While the EU has been struggling to update its piracy laws, a recent report by consultancy firm Ernst & Young has shown that piracy in France is dropping: the number of people engaging in consuming pirated content – either by downloading or streaming – dropped by 8%, while consumption of pirated content in general also dropped 4%.
The report notes that even the so-called remaining ‘pirates’ are becoming more prone to paying for access to content: over a year, the number of pirates without a video on demand subscription dropped by nearly 30%.
This doesn’t mean that these pirates have gone completely legit it must be noted, it just means that they pirate as well as pay for content.
Pirates are also more willing to go legal: 22% of pirates are willing to switch to paying for content if the content were available to them. That number rose from 10% from the previous year.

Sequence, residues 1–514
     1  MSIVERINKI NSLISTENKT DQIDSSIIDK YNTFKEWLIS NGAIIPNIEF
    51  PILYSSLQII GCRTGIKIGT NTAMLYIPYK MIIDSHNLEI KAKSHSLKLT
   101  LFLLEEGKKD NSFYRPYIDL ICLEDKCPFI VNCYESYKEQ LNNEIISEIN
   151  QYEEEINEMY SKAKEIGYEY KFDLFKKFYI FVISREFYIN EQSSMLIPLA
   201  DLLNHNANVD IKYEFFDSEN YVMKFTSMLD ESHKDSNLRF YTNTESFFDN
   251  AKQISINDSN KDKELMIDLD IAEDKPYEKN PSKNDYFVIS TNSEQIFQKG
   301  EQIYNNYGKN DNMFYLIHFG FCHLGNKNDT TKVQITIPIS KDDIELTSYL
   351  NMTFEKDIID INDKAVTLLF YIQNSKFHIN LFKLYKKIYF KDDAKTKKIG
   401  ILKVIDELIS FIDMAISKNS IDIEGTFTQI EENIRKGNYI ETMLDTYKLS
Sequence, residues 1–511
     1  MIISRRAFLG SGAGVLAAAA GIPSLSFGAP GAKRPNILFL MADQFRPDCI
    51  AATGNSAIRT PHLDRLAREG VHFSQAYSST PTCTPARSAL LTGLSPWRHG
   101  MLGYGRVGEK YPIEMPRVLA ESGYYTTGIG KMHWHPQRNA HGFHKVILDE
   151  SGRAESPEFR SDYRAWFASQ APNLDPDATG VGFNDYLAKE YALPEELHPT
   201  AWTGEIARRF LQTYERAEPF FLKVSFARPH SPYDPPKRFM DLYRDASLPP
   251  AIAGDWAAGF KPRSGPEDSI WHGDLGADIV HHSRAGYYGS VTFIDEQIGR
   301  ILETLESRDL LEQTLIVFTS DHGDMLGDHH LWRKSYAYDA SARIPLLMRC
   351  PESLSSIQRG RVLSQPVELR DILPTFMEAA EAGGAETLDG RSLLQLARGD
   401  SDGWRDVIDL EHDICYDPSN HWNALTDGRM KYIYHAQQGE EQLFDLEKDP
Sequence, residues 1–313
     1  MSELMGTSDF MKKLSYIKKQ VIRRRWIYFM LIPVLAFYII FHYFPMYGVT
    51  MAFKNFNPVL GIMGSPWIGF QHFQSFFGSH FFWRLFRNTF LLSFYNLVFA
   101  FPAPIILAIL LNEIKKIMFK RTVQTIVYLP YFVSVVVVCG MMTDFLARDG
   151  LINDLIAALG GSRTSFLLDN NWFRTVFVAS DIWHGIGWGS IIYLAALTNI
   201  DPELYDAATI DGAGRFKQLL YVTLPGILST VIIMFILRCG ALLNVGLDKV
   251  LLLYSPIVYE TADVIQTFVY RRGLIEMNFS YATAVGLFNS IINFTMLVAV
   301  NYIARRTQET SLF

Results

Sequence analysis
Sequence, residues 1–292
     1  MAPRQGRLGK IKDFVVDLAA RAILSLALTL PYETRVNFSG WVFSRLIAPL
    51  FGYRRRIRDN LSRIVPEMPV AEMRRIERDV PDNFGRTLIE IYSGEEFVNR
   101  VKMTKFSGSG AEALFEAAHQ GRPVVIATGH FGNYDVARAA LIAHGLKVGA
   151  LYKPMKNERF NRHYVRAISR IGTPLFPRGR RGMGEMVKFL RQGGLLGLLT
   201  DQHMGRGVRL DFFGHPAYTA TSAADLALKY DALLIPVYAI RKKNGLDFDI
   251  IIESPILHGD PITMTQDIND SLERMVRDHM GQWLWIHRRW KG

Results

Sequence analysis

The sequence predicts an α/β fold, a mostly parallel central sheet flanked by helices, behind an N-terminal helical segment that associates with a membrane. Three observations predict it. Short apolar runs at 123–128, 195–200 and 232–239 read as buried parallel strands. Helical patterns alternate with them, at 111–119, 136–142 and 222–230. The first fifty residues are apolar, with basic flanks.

But 40% expressed that they find the fees for accessing content legally is still too high, particularly sports content, where the ratio rose to 53%.
The report also revealed that piracy cost the film and audiovisual sector in France $1.18 billion in 2017. That number was however 10% less than the previous year
The movie industry is hardest hit by piracy, with 94% of respondents admitting that they stream or download films illegally.
Finally, the report notes that 83% of those that have changed their piracy ways did it due to what they saw as risks; 70% of those cited cyber risks associated with access pirated content platforms as their reason for changing their habits.
You can view the report here.
France has been particularly active in trying to ban pirated content. Individuals caught sharing torrents ran the risk of losing their internet connection.
And as the popularity of P2P file sharing drops against pirated streaming sites, the country is seeking to institute national streaming site blacklist.